Over the last seven years my job has been made redundant twice, I’ve had two beautiful babies and I took a year out to go travelling with my now husband. In some cases, it was simultaneous; I took a year out to travel following redundancy in 2010, and finished up in my role in 2016 at 36 weeks pregnant, three months before the company closed. This means officially I have stepped away from my career twice due to redundancy, and twice due to maternity leave – but three times in total. I have also returned three times, twice following maternity leave and once following a career break.

In each case, I had months to mentally and logistically prepare for the changes ahead, and was financially ok if only on a short-term basis. So with these basic needs satisfied, I was excited about my next steps.

Stepping Away

Having steadily worked in the Hospitality industry from aged 15 – 25 (excluding my earlier door-to-door sales adventures) and then Financial Services from 25 on…I didn’t quite know what to do with myself when I finished working in November 2010, and the few short weeks at home gave me time to reflect on the damaging impact on my sense of self if it had been a long-term situation. The space between being out of work and the beginning of a new chapter is an interesting one, full of impatience and expectation of what lies ahead. In each case, in all my daydreaming and planning I couldn’t possibly have conceived the reality of world travel or motherhood, or being a mother of two under two…

Each of these changes brought joy, pain, sadness, wonder, self-discovery and a transformational shift in my perspective. Entry to motherhood brought a seismic shift – where all sensation and emotion was amplified and intensified, and where my heart relocated and took up permanent, raw and tender residence on the outside of my body.

A Fresh Perspective

With each career break I discovered parts of myself I didn’t know existed, I opened my heart, opened my mind. My understanding, compassion and empathy increased as did my ability to trust myself and my instincts. I discovered what it’s like to have no clue what you’re doing and come out the other side of a dark tunnel, relatively intact. I developed valuable skills such as:

· Organising and planning (travel itineraries; how to get out of the house with a baby)

· Patience (waiting on a train in India; waiting for your baby to finally fall asleep after the millionth head stroke)

· Bravery – pushing outside your comfort zone (trying that skydive; walking into a mother & baby group for the first time)

· Creative problem-solving (stuck in a jungle; soothing an ever-growing/changing baby)

· Perspective (meeting people less fortunate than you; cutting through BS to what will really matter 1/5/10 years from now)

I really could go on, and on here about increased self-awareness, stakeholder management, delegation, time management, networking…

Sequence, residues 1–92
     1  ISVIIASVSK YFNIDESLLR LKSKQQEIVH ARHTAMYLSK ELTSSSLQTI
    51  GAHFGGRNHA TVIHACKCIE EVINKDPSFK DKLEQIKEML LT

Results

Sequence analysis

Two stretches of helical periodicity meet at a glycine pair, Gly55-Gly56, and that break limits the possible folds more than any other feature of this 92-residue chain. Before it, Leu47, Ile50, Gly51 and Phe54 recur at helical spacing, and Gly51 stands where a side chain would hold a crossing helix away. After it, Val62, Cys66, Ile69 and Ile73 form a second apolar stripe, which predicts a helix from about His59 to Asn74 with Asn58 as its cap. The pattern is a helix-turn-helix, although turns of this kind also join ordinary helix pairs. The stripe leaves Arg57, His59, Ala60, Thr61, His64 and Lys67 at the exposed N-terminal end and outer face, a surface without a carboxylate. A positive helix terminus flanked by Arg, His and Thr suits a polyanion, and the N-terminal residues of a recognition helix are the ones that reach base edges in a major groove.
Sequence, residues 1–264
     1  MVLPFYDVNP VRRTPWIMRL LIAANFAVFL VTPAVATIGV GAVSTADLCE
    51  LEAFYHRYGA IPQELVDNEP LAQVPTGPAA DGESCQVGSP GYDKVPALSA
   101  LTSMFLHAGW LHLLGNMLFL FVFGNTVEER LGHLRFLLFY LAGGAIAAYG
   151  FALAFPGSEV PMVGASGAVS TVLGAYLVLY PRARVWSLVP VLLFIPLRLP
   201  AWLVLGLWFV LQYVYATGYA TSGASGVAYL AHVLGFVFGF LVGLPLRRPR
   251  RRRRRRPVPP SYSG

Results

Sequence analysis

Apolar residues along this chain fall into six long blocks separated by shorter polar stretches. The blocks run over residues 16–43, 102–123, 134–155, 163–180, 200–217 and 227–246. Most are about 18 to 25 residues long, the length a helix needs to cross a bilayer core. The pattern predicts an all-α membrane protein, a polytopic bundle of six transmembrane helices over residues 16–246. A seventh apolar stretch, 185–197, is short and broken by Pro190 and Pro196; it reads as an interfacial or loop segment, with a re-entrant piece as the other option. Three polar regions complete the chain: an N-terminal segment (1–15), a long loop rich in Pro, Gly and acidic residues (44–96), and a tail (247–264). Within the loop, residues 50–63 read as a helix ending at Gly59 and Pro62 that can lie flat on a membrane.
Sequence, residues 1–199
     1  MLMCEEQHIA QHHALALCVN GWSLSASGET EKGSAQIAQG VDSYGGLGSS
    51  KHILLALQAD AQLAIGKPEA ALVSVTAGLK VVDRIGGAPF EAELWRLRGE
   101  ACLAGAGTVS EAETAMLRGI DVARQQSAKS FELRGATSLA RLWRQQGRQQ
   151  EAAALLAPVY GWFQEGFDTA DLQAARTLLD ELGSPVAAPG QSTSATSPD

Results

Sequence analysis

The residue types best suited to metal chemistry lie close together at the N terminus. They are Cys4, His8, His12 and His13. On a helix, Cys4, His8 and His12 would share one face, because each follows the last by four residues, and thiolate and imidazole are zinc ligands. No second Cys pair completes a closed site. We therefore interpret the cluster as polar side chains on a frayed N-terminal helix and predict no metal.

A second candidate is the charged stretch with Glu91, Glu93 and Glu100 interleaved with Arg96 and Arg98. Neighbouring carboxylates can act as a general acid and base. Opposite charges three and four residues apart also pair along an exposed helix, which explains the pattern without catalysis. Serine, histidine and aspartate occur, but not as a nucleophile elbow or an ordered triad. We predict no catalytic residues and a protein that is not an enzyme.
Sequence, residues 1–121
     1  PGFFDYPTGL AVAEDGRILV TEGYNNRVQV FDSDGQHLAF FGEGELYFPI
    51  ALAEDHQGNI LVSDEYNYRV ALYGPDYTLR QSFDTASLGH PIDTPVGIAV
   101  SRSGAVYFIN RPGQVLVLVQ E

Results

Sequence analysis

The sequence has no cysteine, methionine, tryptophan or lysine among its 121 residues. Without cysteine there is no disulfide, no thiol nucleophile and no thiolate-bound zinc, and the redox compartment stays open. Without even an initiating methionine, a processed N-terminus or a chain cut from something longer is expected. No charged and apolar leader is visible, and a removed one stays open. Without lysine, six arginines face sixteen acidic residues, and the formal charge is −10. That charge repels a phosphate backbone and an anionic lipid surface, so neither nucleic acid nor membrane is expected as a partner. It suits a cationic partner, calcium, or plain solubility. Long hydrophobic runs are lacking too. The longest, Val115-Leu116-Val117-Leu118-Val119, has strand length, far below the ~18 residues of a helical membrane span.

Returning to Work

Returning to my career on all occasions brought a heady mix of excitement, anticipation, fear of the unknown, dread (especially leaving my baby)…and lots of enthusiasm to reengage in my professional life and my career. I brought fresh perspective and energy to workplace challenges, and was super excited about little things like a hot beverage in peace and contributing to professional discussions with other adults.

All positive right?

While a prospective employer learning that you have travelled is likely to see this as a positive thing; learning that you have small children and are returning from a career break…well, that’s usually another story altogether, isn’t it? Even existing employers often don’t see beyond a ‘pause’ in your career.

If we choose to take time out to travel, or perhaps train for a marathon, climb a mountain, or volunteer overseas…all of these things are usually viewed positively, and seen as a sign of being driven, of mental resilience. If we chose to become parents, this is a much bigger challenge, and often with similar skills developed and on a broader scale.

A motivated person returning to their career following a break brings a fresh perspective, and renewed energy, focus and commitment. A motivated woman returning from maternity leave who is trusted, supported and encouraged by her employer brings all this and more, and is a professional force to be reckoned with.

Tips for a successful career break

In reality, any career break will leave a gap in your professional career and possibly a dip in your confidence. So, what can you do tip the scales in your favour? As with most things in life, preparation is key!

Here are my top 5 tips for individuals preparing to temporarily step away from their careers:

1. Take time to look at what is important to you. Knowing your values and what’s driving you will help you stay focused and confident on your chosen path.

2. Update your performance/projects summary or CV prior to going on leave. You will forget the details and it’s such a handy reference to have whether looking for a job or reminding yourself what you’re capable of prior to your return.

3. Stay in contact. If you are taking a break from your current job, agree a communications plan with your line manager. In all cases, keep in contact with your professional connections and stakeholders as and how makes sense for you.

4. If you’re taking an extended career break keep your professional development up through volunteering, reading, attending relevant events and keeping up with industry developments.

5. Know your worth. List all the skills and experience you have gained through your career, and during your time away from work. If you have trouble doing this or feel you are losing your confidence, enlist someone who can help you regain your mojo.

Further reading…

If you are planning your return to work following maternity leave, see more tips here

If you are an employer with individuals returning from maternity leave, see here